A Writer Shaped by Columbia Law School
New York, April 8, 2016—Novelist Brad Meltzer ’96 paid tribute to the professors, classmates, and fundamental lessons he learned when he was a student at the Law School during a humorous and insightful talk titled “Copy Write: The Author Survival Guide.” On March 24, Meltzer delivered the 29th annual Horace S. Manges Lecture, sponsored by Columbia Law School's Kernochan Center for Law, Media, and the Arts.
Novelist Brad Meltzer ’96 speaks about how his Columbia Law School experience has influenced his writing career.
|Professor Jane Ginsburg, Kernochan Center faculty director, introduces Brad Meltzer and explains the history of the Manges Lecture.|
He sought out one of the Law School’s top experts, Professor Jane Ginsburg, now the Morton L. Janklow Professor of Literary and Artistic Property Law, and asked about obtaining copyright protection for the novel he wrote in Boston: “It was like asking the head of the Treasury Department for help with your 1099.” She gave Meltzer a more practical lesson in how to sell a book. First, she said, he needed to send out copies of his manuscript in order to find an agent. She referred him to Janklow, who turned him down but offered the names of other agents. Meltzer had no money to make more copies of his 500-page manuscript, but then the dean of students, Marcia Sells ’84, made the copies for him. He found an agent, though that first book would never find a publisher.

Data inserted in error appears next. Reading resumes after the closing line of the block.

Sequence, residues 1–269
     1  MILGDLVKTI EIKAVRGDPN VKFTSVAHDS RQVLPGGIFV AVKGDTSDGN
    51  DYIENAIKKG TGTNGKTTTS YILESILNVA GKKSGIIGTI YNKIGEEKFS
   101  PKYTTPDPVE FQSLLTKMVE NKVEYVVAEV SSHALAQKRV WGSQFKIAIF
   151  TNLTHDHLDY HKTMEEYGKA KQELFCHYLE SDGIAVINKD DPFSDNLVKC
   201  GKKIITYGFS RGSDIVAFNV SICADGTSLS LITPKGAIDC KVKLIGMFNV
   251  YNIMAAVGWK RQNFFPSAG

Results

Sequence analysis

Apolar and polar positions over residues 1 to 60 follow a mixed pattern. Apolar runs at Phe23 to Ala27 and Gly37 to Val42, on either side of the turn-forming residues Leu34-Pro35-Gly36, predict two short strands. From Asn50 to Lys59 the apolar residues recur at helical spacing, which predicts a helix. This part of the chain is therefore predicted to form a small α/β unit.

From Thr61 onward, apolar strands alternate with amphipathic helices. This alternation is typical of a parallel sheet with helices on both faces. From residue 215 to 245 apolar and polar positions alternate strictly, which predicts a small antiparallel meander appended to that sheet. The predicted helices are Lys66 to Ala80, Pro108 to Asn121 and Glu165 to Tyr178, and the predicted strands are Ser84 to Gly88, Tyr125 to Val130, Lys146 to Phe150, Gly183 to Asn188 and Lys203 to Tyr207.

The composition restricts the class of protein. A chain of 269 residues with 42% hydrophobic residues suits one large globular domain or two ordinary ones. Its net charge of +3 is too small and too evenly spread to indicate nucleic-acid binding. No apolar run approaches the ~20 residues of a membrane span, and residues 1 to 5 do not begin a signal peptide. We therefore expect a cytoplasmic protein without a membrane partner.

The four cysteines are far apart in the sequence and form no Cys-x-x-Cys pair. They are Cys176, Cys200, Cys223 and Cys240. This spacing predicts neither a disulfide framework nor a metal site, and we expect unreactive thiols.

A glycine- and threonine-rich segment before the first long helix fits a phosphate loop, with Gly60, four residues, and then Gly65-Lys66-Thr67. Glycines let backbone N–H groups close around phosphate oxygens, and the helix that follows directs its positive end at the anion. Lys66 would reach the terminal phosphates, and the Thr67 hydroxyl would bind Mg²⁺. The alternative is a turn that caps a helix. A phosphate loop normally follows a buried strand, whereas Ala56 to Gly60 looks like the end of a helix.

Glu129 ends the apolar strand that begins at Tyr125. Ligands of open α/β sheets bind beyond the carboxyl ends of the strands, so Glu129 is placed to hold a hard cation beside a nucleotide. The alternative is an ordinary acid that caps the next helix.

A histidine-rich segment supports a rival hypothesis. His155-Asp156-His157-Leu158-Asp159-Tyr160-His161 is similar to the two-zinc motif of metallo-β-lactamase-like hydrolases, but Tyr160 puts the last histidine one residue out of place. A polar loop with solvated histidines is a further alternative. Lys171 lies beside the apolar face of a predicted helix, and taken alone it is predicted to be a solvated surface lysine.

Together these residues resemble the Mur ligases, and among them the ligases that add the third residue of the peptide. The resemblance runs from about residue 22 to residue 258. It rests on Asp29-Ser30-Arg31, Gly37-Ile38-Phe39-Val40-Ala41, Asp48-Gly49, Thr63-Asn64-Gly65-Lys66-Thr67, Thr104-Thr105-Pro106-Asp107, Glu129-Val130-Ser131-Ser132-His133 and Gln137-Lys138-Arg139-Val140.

|Students enjoy Meltzer's humorous anecdotes||peppered throughout his March 24 talk.|
|Brad Meltzer '96, with Professor Jane Ginsburg, said he appreciated the pointers she gave him on how to sell a book when he was a student at Columbia Law School.|